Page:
Heather MacDonald, a conservative writer, has launched an attack on clinical legal education. An abbreviated form of the screed surfaced in the Wall Street Journal last week, but a more complete version just came out in the City Journal. Basically, MacDonald argues that law school clinics are stuck in the 1960’s, training students to be social activists, pursuing a left wing agenda on just about every issue.

MacDonald’s claims surely excited some conservatives – and why not? What is juicier than proof, proof, of a vast left wing conspiracy. MacDonald announces a couple of big non-news stories: law school faculties are generally liberal, and clinicians are even more so. And yes, it turns out that these progressive clinicians tend to direct their clinics to serving poor people and non-profits rather than, say, landlords and state prisons (her suggestions, not mine.) If MacDonald’s point was simply to argue for more clinics doing conservative work, I wouldn’t have a beef with her. (As a hiring chair, I might have trouble finding business lawyers looking to leave their million dollar practices for jobs on the clinical tenure track, but that’s another matter.)

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Playing the Illegal Alien Card

HalePicBio.jpgFor the past few weeks, I’ve been following a local Birmingham story on undocumented aliens. Mike Hale, the Jefferson County sheriff, has decided to join the battle against illegal immigration. He announced that his office will create a database of undocumented immigrants found in the county. According to the Birmingham News , “any illegal immigrant who comes in contact with deputies – whether as an offender, a county jail inmate or even a victim – is fair game for the database.” The data will be shared with the federal Bureau of Immigration and Customs Enforcement. (Local sheriffs apparently don’t have jurisdiction to arrest individuals for violation of immigration laws.)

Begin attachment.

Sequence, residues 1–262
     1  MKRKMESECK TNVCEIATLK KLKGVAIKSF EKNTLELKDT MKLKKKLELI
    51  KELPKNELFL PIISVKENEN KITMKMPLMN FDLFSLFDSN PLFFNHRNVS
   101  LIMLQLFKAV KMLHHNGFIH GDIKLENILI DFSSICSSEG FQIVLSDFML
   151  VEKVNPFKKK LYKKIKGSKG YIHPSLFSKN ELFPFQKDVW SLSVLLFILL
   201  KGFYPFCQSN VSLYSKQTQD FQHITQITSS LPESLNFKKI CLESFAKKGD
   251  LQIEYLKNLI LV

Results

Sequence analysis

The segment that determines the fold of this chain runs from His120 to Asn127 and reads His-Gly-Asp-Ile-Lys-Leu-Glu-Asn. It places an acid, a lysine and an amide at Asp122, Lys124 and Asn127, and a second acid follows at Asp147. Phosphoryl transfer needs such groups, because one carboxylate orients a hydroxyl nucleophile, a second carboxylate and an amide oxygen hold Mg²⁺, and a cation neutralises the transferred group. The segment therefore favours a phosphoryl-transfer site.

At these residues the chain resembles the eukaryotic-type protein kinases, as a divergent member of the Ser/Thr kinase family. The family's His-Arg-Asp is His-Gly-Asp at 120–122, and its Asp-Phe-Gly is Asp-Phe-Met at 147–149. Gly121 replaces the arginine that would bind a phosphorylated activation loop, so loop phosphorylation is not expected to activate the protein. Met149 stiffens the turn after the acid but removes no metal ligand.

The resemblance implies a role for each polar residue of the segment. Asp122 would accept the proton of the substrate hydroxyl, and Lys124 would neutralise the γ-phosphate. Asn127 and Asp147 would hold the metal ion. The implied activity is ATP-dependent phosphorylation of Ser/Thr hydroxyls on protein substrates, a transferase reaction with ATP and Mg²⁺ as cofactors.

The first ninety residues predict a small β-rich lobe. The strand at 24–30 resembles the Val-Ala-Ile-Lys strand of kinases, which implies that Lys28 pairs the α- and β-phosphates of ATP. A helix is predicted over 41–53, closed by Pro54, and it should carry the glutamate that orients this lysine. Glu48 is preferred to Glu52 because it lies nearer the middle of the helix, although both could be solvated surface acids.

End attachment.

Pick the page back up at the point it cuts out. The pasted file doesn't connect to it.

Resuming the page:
Notwithstanding the need to maintain border control, this expansive policy strikes me as troubling.

First, I worry that it will stifle crime reporting by undocumented crime victims. This is bad all around. The victims cannot rest safe because the culprits are still loose. And since some offenders repeat their crimes, the policy will leave these folks free to target others – documented and undocumented alike. The sheriff’s office is apparently aware of this risk, but simply does not care. When asked about the danger of deterring crime reporting, a department spokesman said: “I hope that’s not a byproduct of this, and if it is, it’s unfortunate. However, we believe the greater good is having information on the people who are in our country illegally.”

Another problem: how will sheriffs know when they come into contact with an undocumented alien? The obvious approach would be to demand that anyone who is not fluent in English, or looks “foreign,” to prove her citizenship or produce a visa. This is pretty unappealing, but as far as I can tell, Hale hasn’t suggested a better idea. Sadly, policies that target minority populations fit too neatly into an Alabama political tradition. Birmingham Blues captures the views of some progressive Alabamians in this regard. I wonder if this sort of policy is common, or is simply a trial balloon.